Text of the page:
The Clink was a prison in Southwark, which operated from the 1144 until 1780. It was possibly the oldest men's prison and probably the oldest women's prison in England. The prison served as the private gaol of an area owned by the Bishop of Winchester. It held a variety of offenders: debtors, heretics, drunks and harlots, catholics accused of attempting to overhrow the crown, and most importantly to us, Protestant Separatists. Religeous prisons were treated worse than all others and seen as sunversive and traitorous.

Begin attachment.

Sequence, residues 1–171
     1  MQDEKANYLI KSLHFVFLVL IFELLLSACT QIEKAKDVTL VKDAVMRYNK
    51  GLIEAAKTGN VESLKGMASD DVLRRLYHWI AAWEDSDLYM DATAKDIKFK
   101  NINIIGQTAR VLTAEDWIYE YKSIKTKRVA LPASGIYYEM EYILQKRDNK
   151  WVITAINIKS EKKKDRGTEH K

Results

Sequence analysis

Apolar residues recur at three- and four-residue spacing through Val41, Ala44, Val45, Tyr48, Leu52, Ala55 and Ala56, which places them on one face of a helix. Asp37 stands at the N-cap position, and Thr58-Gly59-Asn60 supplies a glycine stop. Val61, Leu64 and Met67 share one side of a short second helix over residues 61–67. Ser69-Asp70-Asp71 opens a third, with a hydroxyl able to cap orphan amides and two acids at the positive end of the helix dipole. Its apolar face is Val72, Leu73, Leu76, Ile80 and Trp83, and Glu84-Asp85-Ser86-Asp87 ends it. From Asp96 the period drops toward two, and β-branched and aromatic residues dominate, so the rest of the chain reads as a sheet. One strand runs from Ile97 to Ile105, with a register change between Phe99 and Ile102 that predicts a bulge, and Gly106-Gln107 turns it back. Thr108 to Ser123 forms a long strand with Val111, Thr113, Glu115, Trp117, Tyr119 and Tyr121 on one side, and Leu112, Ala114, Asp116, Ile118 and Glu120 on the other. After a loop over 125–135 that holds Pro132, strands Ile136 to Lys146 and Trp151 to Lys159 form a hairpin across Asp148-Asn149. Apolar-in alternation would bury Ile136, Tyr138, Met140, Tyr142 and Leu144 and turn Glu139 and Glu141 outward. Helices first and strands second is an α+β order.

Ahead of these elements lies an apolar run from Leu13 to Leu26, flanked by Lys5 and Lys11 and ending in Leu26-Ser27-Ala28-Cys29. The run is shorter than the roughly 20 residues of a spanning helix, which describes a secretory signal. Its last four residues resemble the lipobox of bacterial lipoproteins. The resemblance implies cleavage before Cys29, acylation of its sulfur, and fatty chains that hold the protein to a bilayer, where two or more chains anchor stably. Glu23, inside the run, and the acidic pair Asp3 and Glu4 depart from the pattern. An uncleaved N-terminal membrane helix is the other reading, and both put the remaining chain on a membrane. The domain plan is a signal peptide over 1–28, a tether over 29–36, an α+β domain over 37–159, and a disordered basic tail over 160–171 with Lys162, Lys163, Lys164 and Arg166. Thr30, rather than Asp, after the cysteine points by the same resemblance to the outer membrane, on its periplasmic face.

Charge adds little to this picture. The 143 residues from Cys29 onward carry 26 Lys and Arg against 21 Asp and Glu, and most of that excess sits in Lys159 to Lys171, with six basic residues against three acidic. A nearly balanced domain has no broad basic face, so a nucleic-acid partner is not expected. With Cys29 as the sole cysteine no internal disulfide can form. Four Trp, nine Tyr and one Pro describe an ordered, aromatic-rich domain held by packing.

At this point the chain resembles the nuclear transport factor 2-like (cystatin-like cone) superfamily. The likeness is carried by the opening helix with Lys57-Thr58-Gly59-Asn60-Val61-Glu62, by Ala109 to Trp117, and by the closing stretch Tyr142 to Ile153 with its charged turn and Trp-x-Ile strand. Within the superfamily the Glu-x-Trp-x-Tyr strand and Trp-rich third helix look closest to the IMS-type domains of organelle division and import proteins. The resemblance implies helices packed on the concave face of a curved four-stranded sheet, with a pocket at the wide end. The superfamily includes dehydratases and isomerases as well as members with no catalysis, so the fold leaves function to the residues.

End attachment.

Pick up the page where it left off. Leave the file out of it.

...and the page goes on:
In 1592, Henry Barrowe and John Greenwood were released from The Clink, founded the Independent Church. They returned to The Clink in 1593 and were then hung at Tyburn. The Independent Church congregation eventually sailed to America on the Mayflower.
In a cruel turn of fate, it later became official policy to supply the settlers with willing 'slave labour', which began a profitable trade in shipping prisoners to America.